Medical imaging is today becoming one of the most important visualization and interpretation methods in biology and medicine. The past decade has witnessed a tremendous development of new, powerful instruments for detecting, storing, transmitting, analyzing, and displaying images. These instruments are greatly amplifying the ability of biochemists, biologists, medical scientists, and physicians to see their objects of study and to obtain quantitative measurements to support scientific hypotheses and medical diagnoses. Noise, artifacts, and weak contrast are the cause of a decrease in image quality and make the interpretation of medical images very difficult. These sources of interference, which are of a different nature for mammograms than for ultrasound images, are responsible for the fact that conventional or traditional analysis and detection algorithms are not always successful. The biomedical imaging scene is one of the most challenging since we have to deal not only with non-Gaussian, nonstationary, and nonlinear processes (transients, bursts, and ruptures) but also with mixtures of components interacting in a quite complicated form. Therefore, much of the research done today is geared towards improvement of the reduced quality of the available biomedical imaging material.

The aim of this special issue is to present the current state-of-the-art in the theory of advanced computer vision approaches and applications to biomedical image analysis and modeling. In this special issue, we have invited articles that explore novel problems in biomedical imaging that require advanced computer vision approaches. Three papers address the important aspect of segmentation in medical images, two papers deal with automated detection, and three others propose theoretical and computational or hardware solutions for encountered artifacts.

One of the papers evaluates the feasibility of computer aided malignant tumor detection using the traditional texture analysis applied on two-compartment-based parameter pseudoimages of dynamic contrast enhanced magnetic resonance (DCE-MR) breast image data. The innovation lies in the through-plane assessment capability. The paper shows that neural network classification using the textural parameters for automated screening of two-compartment-based parameter pseudoimages of DCE-MRI as input data represents a useful tool for the radiologists in the preassessment stage by revealing possible cancerous regions and in the postassessment stage by reviewing the segmentation especially in analyzing complex DCE-MRI cases.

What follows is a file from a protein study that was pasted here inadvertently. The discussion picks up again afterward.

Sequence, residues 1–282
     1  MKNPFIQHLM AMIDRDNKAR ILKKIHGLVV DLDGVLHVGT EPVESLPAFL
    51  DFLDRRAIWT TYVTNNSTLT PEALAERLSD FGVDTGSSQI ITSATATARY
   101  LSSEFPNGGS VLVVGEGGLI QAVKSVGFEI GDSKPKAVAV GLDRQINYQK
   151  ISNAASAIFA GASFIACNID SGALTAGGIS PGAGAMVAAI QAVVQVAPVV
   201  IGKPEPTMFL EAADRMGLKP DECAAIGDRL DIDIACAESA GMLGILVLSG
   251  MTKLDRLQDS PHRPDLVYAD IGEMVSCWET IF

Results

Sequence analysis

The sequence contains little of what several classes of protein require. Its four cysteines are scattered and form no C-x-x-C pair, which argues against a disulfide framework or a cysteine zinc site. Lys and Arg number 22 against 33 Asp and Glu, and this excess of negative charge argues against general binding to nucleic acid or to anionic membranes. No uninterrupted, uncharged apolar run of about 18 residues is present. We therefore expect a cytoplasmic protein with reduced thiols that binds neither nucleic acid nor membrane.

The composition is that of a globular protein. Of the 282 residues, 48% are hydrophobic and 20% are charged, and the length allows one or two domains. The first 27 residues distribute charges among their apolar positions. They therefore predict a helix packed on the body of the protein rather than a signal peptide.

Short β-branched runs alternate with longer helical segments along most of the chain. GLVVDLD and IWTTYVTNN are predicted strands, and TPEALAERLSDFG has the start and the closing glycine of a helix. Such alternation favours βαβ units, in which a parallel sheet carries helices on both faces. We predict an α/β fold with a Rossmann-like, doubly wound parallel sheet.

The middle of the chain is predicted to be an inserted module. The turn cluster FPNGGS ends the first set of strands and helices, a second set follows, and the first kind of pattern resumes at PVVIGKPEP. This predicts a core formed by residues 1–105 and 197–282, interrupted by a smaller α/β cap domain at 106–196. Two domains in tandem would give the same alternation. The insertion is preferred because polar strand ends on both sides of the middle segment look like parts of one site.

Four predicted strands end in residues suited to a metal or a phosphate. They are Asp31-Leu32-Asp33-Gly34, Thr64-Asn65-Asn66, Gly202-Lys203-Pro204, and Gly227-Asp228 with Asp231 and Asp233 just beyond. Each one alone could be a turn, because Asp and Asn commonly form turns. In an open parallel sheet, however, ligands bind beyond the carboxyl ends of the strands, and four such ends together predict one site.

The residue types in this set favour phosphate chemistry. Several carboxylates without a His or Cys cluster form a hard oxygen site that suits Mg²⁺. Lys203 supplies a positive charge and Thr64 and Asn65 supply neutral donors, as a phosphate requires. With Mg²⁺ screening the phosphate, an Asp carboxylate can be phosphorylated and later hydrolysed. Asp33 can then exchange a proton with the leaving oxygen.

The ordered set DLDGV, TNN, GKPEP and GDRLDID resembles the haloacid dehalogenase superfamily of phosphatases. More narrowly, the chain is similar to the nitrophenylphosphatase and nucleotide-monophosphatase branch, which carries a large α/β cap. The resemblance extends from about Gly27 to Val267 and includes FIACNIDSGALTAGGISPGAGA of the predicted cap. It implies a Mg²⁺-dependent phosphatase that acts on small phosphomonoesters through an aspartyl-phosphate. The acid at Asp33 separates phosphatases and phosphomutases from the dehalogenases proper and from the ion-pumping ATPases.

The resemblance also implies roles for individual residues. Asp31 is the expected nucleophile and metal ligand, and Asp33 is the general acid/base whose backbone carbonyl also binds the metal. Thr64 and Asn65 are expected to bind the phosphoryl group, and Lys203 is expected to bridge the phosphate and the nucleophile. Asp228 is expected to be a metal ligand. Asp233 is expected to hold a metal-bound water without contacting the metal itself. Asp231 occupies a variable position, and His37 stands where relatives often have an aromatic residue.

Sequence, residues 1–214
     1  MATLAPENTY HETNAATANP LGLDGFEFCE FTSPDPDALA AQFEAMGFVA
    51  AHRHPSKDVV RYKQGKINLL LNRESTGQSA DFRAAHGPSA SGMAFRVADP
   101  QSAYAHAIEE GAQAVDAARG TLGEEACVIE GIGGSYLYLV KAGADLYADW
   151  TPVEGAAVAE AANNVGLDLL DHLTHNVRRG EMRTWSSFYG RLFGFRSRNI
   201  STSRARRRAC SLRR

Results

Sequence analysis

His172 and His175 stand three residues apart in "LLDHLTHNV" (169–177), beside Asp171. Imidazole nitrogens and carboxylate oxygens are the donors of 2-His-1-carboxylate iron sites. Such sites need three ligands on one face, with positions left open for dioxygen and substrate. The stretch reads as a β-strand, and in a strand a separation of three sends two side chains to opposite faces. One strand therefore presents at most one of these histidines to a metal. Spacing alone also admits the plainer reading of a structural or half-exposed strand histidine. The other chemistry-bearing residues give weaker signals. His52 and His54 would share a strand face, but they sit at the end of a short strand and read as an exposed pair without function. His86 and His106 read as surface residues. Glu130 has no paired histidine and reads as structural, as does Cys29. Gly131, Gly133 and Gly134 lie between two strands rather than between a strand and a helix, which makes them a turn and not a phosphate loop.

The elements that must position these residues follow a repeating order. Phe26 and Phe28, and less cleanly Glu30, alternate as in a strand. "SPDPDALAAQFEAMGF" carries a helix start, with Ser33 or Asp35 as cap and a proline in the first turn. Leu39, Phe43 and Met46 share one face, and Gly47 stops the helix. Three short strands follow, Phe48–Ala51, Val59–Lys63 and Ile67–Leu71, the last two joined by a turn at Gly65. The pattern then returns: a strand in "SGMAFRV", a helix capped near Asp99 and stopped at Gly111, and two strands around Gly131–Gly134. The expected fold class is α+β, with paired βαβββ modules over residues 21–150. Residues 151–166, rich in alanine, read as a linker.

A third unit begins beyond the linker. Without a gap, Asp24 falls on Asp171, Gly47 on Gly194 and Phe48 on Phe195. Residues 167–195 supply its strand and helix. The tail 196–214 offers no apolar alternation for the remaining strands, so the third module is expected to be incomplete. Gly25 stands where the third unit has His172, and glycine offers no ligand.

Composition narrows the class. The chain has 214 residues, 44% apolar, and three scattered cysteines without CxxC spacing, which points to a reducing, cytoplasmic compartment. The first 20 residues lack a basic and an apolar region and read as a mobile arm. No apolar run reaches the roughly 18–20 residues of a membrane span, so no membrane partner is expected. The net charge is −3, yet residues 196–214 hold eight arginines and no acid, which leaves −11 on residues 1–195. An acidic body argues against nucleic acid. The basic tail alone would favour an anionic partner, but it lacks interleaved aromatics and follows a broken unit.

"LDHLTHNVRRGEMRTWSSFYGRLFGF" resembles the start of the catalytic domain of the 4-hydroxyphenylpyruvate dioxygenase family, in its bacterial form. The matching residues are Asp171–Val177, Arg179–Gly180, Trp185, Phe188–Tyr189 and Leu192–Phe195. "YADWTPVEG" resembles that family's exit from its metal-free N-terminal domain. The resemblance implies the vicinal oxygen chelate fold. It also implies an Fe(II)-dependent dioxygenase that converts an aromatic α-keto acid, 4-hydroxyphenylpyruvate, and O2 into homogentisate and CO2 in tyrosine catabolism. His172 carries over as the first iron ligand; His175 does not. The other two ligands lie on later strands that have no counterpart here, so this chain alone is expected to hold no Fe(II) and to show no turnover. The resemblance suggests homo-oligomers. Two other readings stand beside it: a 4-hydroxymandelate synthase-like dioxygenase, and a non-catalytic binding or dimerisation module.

A paper identifies and analyzes the artifacts produced by the simultaneous use of two probes of different or equal operating frequencies. These artifacts arising in 3D ultrasound images are of obscure nature and represent a challenging task in the daily clinical environment.

Another paper addresses the important problem for automated segmentation of medical images in the presence of intensity inhomogeneity and proposes a novel kernel-based fuzzy level set method to alleviate this problem and achieves in practical examples a high accuracy and is invariant to the inhomogeneity degree.

A paper proposes a novel method based on histogram equalization as a preprocessing step to improve the convergence rate in an affine registration algorithm. Its applicability is demonstrated on SPECT and PET brain images resulting from several neurodegenerative diseases.

One of the papers presents a new image segmentation method based on multiple active contours guided by differential evolution, called MACDE. The segmentation method uses differential evolution over a polar coordinate system to increase the exploration and exploitation capabilities regarding the classical active contour model. The authors successfully demonstrated that MACDE outperforms the classical active contour model and the interactive Tseng method in terms of efficiency and robustness for obtaining the optimal control points and attains high accuracy segmentation.

Another paper introduces a novel segmentation technique using 3D statistical features extracted from the volume image and is based on unsupervised vector quantization and fuzzy clustering techniques without using any a priori information. The resulting fuzzy segmentation method addresses the problem of partial volume effect (PVE) and has been assessed using real brain images from the Internet Brain Image Repository (IBSR).

A paper describes an algorithm for the automatic detection of white blood cells embedded into complicated and cluttered smear images. The technique, which is based on the differential evolution (DE) algorithm, transforms the detection task into an optimization problem whose individuals represent candidate ellipses. An objective function evaluates if such candidate ellipses are actually present in the edge map of the smear image. In experimental studies, white blood cell images with a varying range of complexity are included to validate the efficiency of the proposed technique in terms of its accuracy and robustness.

One of the papers is more visionary and presents several low-cost hardware implementation approaches for the new generation of tablets and/or smartphones for estimating motion compensation and segmentation in medical images. These systems have been optimized for breast cancer diagnosis using magnetic resonance imaging technology with several advantages over traditional X-ray mammography and also address the challenge of offering a medical tool that runs on widespread portable devices to aid in patient diagnostics.

Anke Meyer-Baese
Claudia Plant
Juan Manuel Gorriz Saez